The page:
One of the unique aspects of my career is I regularly talk to senior executives. At least a few times a month I present or pitch different ideas to executive management. Conversely, I also present to the rank and file of my large corporation on a regular basis. So how does talking to executives differ from talking to Joe from your department?
Defining Senior Executives
Before I get started I gather it might be important to define what I mean by Senior Executives. I say this because in some conversations with others I have heard the level of a director defined as an executive. In this particular case, I am talking to someone in the C suite. That would be the CEO, CFO, CIO, etc. That being said some of what I’ll speak about here applies to all levels within a corporation.
Know Your Audience
The first thing you learn in any class about presenting to people is to know your audience. A successful presentation is tuned to your audience. What is their level of comprehension on the subject, how much time do they have to listen to the details, how interested are they and how much they trust you? All of these play into how you should present regardless of whom you are talking too.
Not All Senior Executives Can Understand Details
In terms of comprehension, Senior Executives are as varied as the general population. Some of them know the topic like they did the operation themselves. Others are so high level they don’t even understand what you do. I have presented to both types.
The Ease Of Presenting to the Generalist Senior Executives
The person with no knowledge whatsoever is, at least to me, the easiest of the two. Any presentation is going to be light on details and heavy on results. Most senior executives care only about 3 things: how much is it going to cost, how long will it take, and what will I get out of it. That is especially true of the low comprehension executive. You might even find cost and benefits can be vaguer for this individual. Less is usually more for this person as any questions asked will likely just get them further off track.
The Complexities of Dealing with Expert Senior Executives
The harder of the two is the expert Senior Executive. They tend to want to see the messy details. The problem is there is still a balancing act between too much detail opening a door to questions. Essentially the level of detail here needs to be tuned to the minimum possible while still meeting that executive’s tendency to dig in. This amount differs by the executive. See I told you this was the hard one.’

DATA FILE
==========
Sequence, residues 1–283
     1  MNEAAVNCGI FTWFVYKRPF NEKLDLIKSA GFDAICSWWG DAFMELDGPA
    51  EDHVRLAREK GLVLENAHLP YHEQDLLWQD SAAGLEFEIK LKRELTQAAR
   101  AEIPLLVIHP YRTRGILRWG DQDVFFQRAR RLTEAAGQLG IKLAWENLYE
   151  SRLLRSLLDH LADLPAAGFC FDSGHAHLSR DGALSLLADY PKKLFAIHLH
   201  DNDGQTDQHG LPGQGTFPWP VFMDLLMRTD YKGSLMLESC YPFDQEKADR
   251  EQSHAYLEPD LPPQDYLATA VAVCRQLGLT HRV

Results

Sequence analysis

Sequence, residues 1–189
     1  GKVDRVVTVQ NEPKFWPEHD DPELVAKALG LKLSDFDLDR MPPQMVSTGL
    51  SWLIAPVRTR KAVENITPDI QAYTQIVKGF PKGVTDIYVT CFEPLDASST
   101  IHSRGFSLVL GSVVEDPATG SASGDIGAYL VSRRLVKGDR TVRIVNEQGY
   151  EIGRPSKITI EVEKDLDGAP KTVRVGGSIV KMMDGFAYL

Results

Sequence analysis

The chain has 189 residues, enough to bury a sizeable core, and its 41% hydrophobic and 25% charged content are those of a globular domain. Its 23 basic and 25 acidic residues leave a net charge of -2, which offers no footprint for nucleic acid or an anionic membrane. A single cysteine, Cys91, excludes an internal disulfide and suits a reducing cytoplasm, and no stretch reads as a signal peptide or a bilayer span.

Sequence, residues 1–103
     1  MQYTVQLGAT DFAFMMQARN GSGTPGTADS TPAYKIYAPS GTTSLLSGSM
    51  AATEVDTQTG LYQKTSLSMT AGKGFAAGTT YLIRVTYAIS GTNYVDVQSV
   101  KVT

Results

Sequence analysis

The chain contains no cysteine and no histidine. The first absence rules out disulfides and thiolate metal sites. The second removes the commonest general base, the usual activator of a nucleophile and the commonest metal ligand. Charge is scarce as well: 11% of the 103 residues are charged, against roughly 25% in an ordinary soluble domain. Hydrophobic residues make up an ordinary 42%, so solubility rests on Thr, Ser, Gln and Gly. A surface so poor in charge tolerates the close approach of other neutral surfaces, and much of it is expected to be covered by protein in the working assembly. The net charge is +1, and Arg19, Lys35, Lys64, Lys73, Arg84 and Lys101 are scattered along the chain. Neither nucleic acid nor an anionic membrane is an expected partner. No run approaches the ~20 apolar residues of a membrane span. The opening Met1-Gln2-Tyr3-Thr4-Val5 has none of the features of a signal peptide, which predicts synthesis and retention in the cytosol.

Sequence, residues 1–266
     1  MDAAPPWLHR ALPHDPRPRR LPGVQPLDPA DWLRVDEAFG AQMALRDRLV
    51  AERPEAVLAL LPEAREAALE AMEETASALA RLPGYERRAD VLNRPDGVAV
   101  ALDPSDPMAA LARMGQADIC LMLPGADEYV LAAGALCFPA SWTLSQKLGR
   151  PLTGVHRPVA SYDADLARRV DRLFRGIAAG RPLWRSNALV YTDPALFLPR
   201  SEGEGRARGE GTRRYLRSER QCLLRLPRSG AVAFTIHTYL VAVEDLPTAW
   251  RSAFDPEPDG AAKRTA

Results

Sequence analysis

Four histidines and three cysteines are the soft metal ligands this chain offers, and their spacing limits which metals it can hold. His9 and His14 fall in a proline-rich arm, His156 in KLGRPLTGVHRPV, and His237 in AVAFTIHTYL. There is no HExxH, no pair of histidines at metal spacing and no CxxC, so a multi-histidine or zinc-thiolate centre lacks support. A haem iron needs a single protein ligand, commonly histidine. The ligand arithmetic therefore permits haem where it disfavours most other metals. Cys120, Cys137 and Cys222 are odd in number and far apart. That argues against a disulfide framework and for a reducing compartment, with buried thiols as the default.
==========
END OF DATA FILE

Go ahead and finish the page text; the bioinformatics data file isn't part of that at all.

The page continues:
Add to that with either executive it is absolutely critical you know your stuff. There is no easier way to deep-six your career than to answer an executive wrong. Odds are high they will ask you questions off-script. So study up beforehand. However, also realize there is no way for you to know everything off the top of your head. So practice this one line, you’ll use it a lot. “I’ll have to get back to you on that one”. Don’t ever wing an answer for an executive if you are not sure.
How Much Time Do They Have
Most executives are really busy individuals. It’s not uncommon for the senior executives in my company to spend 12 hours a day in meetings. The result is they don’t really have time to fully understand your presentation.
See The Senior Executive Run
Think of an executive as a well-educated college student trying to multitask while playing a video game. They are capable of complex thought, but with only half their brain paying attention you are just as likely for them to not understand the basics. This is true regardless of comprehension level.
So basically in any real presentation to executives you need to design things like your talking to a 5-year-old. Essentially you need to spoon-feed them the answer. The example I’ve always heard is the see spot run, run spot run level of explanation.
I will note, the above gets me into trouble a bit in real life. My wife often accuses me of mansplaining when I present topics to her. She is easily way more intelligent than I am. But it’s very hard to turn off once you get conditioned to this concept. So anyone who ever talked to me and felt like I overly explained, don’t take it personally. It’s my job and has no basis in my beliefs about your mental capability.
How Interested are they?
Let’s face it, not every meeting with an executive is going to be on something they care about. Sometimes a meeting is about politics or something else. Sometimes the decision is made before you even get started talking, but you have to go through the motions. Knowing that level of interest beforehand can be of great help in determining how you go about it. The less interest the more light on details you can be. The more interested the more thorough.